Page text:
This article describes a tertiary, peri-urban hospital's ED priority one patient population in terms of demographics, nature of the disease, their chief complaints, primary specialty units they are handed over to, and their disposition in terms of ED outcome and final outcome.


  Materials and Methods Top


We conducted a retrospective, observational study on patients presenting to the resuscitation room of Department of Emergency Medicine, Christian Medical College and Hospital, Vellore, which is a 45-bedded department in South India with an average of 250 admissions daily. The department caters to all adult emergency cases (>15 years) as well as pediatric trauma cases. All other pediatric emergency cases are taken care by a dedicated pediatric ED. All the patients who were registered as priority one were included in the study. Data of the patients were noted into the pro forma sheet. All patients presenting to the resuscitation room of our ED during the months of February (2017), May (2017), September (2017), and December (2017) were included in the study; 1 month from each climatic season was selected to include all the seasonal diseases and to avoid bias. Data of 2504 patients were collected, of which only 2333 patients' data were included. The remaining 177 patients were either brought dead on arrival to the ED or had significant data missing. Data of the patients were obtained from the electronic hospital records; details of history and physical examination findings of all patients were recorded on a standard data collection sheet. Patients were profiled in terms of age, gender, nature of the disease and the chief complaints they presented with, vital signs at the time of presentation, details of which primary specialty they were handed over to, and their plan regarding admission or disposition of patients.

Triage priority level one was defined as follows:

  • Patients whose airway, breathing, and circulation was compromised with the Glasgow Coma Scale (GCS) of <8
  • Patients who had hypoxia oxygen saturation <80 and having respiratory rate >40 or <12 breaths/min
  • Hemodynamically unstable trauma and nontrauma patients with SBP <90 mmHg
  • Active seizures, CVA within 4 h, active chest pain, and hypertensive emergency.


All patients were initially managed and stabilized by the ED team; patients, who required cross consultation, were handed over to the respective specialty departments for further management. If a patient required consultation from more than one specialty, the primary unit was decided by the ED team based on the expertise required from the concerned specialties. Patients who improved remarkably and those who did not meet the admission criteria were discharged either by the ED team or by the other specialty units after a short observation period, and those who required admission were admitted to the respective wards and intensive care units (ICUs) as per the care required; inhospital outcome of all the admitted patients was noted.

Statistical analysis was performed using the SPSS software (SPSS Inc., 2007, version 16.0 Chicago, IL, USA). Frequencies of each variable were entered, and the proportions of each variable to the total were recorded; mean and standard deviation was calculated. This study was approved by the Institutional Review Board, and patient confidentiality was maintained using unique identifiers and by password-protected data entry software with restricted users.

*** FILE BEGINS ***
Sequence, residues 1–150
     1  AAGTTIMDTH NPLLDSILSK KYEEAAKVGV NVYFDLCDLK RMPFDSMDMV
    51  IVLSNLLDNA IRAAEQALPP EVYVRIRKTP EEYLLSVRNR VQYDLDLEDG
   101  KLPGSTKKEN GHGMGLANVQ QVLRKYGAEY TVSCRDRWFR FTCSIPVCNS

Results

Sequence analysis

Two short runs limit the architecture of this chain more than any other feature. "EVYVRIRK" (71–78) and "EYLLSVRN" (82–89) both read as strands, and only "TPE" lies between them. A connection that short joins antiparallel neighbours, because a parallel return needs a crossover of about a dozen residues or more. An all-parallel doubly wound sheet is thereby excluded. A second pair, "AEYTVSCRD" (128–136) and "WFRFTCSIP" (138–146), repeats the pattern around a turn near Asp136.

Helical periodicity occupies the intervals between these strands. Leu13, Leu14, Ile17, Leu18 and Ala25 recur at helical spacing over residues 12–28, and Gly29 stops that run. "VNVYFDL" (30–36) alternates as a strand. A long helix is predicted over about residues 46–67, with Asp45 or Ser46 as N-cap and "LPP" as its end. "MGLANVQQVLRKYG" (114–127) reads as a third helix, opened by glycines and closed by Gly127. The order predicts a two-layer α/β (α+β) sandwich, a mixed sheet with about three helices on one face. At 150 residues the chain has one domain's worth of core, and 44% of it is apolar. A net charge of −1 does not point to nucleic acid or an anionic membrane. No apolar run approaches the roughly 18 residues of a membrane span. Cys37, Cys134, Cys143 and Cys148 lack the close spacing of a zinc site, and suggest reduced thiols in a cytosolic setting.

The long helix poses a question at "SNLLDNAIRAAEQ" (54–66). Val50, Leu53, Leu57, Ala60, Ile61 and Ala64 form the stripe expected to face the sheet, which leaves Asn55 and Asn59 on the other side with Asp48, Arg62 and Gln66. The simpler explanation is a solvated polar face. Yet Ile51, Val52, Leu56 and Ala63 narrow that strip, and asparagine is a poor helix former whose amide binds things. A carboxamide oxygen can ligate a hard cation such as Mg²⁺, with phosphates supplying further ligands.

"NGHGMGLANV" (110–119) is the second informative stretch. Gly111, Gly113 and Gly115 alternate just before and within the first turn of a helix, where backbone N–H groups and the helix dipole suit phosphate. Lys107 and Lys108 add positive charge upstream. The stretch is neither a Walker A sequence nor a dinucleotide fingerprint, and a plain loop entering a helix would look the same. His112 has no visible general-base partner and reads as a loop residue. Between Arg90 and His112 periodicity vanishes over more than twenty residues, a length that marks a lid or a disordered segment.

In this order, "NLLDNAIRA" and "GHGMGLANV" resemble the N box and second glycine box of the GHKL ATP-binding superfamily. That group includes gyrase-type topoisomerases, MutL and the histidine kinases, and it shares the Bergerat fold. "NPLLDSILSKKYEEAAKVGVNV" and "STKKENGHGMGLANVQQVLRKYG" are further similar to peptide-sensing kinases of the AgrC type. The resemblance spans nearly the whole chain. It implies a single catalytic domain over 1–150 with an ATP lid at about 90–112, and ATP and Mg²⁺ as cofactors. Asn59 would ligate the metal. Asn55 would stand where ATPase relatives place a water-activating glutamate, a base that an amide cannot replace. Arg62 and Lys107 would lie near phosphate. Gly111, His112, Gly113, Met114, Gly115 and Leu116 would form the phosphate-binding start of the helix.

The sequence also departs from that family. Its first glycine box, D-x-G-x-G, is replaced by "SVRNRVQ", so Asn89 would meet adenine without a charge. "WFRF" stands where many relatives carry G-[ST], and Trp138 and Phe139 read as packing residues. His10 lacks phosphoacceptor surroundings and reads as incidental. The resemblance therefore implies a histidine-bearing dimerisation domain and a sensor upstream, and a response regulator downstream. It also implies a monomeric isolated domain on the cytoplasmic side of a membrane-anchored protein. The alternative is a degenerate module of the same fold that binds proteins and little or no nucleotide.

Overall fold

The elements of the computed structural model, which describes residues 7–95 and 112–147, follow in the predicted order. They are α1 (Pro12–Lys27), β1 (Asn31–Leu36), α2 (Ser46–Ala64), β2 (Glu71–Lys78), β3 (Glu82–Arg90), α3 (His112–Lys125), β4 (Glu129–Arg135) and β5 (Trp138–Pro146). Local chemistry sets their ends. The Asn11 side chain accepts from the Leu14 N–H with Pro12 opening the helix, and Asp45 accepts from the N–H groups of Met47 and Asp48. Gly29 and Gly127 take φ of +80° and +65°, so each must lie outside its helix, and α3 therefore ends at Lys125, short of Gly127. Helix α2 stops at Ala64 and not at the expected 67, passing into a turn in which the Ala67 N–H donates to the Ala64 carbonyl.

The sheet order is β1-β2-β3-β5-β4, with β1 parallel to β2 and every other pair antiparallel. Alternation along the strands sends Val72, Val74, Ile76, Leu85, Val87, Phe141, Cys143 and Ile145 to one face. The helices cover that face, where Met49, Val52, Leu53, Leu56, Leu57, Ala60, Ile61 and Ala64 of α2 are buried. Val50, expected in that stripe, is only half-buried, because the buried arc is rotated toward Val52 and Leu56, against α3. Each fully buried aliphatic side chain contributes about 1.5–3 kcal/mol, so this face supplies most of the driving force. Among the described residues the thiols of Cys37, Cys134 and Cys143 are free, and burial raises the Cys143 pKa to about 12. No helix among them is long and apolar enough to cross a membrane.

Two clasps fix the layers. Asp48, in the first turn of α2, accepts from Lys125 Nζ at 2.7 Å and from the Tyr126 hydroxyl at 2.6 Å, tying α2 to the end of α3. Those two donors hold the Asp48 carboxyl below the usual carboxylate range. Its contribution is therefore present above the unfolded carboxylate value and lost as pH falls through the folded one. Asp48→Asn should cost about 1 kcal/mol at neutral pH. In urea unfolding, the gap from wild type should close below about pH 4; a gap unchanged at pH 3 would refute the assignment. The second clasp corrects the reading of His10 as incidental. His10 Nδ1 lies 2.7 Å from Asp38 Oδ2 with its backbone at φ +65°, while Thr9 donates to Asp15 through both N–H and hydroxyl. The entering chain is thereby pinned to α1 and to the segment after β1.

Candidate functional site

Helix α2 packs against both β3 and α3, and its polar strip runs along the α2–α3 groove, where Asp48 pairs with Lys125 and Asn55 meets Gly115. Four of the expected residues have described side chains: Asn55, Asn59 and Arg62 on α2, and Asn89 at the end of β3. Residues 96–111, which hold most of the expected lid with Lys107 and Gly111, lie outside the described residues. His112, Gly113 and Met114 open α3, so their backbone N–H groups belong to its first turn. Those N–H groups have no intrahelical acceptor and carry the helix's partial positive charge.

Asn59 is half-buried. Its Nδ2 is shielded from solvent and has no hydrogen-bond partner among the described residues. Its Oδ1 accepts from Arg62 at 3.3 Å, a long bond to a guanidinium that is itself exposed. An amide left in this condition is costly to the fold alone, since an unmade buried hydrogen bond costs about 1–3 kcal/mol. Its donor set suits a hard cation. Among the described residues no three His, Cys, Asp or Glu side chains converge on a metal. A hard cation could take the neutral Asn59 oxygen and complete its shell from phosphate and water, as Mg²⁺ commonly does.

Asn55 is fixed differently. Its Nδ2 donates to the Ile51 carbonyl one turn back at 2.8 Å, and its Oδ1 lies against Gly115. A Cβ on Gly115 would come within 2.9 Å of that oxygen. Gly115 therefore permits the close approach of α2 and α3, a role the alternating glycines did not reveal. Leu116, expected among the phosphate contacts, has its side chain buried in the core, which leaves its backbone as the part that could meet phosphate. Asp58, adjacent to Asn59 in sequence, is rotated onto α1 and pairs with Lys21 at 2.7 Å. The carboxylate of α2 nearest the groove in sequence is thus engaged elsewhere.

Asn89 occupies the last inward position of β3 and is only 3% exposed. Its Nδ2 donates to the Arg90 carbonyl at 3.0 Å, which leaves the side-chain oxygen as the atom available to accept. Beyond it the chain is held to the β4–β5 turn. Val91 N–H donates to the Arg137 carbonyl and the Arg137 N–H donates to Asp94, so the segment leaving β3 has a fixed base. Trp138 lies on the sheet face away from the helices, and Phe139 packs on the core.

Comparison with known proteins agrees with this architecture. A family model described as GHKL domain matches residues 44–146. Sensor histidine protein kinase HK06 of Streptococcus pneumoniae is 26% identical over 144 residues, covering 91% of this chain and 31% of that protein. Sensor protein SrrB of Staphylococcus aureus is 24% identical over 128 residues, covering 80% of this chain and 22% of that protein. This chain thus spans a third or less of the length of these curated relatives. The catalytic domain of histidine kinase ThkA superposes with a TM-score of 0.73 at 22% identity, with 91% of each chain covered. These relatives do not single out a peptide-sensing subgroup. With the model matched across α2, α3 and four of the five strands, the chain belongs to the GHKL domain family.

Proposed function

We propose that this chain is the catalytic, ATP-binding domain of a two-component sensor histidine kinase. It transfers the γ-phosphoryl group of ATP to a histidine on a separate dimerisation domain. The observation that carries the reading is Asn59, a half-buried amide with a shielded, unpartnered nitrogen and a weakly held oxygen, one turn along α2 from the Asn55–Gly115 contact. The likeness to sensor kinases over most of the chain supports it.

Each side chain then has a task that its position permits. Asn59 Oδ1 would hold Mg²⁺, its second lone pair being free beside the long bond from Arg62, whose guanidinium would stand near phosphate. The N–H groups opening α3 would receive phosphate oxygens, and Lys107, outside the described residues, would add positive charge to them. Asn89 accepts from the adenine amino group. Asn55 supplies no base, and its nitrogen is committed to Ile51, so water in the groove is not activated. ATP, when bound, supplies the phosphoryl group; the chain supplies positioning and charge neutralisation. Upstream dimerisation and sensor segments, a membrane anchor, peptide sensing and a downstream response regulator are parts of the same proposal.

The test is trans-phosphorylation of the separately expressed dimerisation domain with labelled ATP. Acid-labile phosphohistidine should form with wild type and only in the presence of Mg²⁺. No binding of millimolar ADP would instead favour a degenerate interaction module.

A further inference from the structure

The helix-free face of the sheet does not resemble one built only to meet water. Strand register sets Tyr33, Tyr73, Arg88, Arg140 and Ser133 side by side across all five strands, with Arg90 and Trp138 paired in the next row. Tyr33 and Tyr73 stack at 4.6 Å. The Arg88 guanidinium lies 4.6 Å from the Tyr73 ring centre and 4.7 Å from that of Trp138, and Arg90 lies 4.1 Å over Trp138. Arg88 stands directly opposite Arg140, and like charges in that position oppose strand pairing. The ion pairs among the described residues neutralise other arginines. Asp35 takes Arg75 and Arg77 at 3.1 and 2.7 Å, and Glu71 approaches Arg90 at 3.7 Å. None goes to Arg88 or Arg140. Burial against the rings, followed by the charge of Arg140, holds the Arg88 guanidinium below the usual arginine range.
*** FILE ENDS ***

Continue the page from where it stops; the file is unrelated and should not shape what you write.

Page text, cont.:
Results Top


Among 2333 patients who were triaged to the resuscitation room as priority one during the study period, majority (89.3%) had nontrauma-related conditions, while only 10.7% had trauma as the cause of the disease [Figure 1]. Among patients who presented with nontraumatic ailments, a vast proportion (92.6%) had medical issues, while 7.4% had surgical problems. Males (64%) were predominant than females (36%). Adults were more than half (59.16%) of the study cohort followed by the geriatric age group (39.65%), and the pediatric population was a mere 1.2%. While 41.5% had a normal pulse rate, 6.4% (149) had bradycardia and 52.1% (1212) had tachycardia. The baseline characteristics of the patients along with the vital signs and chief complaints are mentioned in [Table 1]. Three-fourths of the study population (75%) had normal GCS; breathing difficulty was the most common presenting complaint. Breathlessness along with chest pain was present in 7.7%, abdominal pain with breathlessness was present in 2.15%, and altered sensorium with breathlessness was noted in 4.8% of the individuals. ED team alone managed 16.2% (380) of the total cases, of which 88.2% (335) were medical, 7.1% (27) were surgical, and 4.73% (18) were trauma cases. Trauma specialty departments were referred to include neurosurgery (43.1%) and orthopedics (27.5%). Broader specialties such as general medicine and general surgery had majority of their spectrum-related cases referred to them. Cases that were handed over to different primary specialty departments are shown in [Table 2]. More than a quarter (27.2%) patients were discharged from the ED in stable condition, while less than a quarter (22.4%) patients were either referred to other centers in view of the shortage of beds in wards and ICUs or left against medical advice [Figure 2]. An overwhelming 68.1% of the patients were discharged from the ED and inhospital combined and 7.4% succumbed to death. The inhospital outcome is shown in [Figure 3].
Figure 1: Flowchart of patients presenting to the resuscitation room of the emergency department

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Table 1: Demographic details, vitals, and chief complaints of priority one patients (n = 2333)

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Table 2: Cases handed over to different primary specialties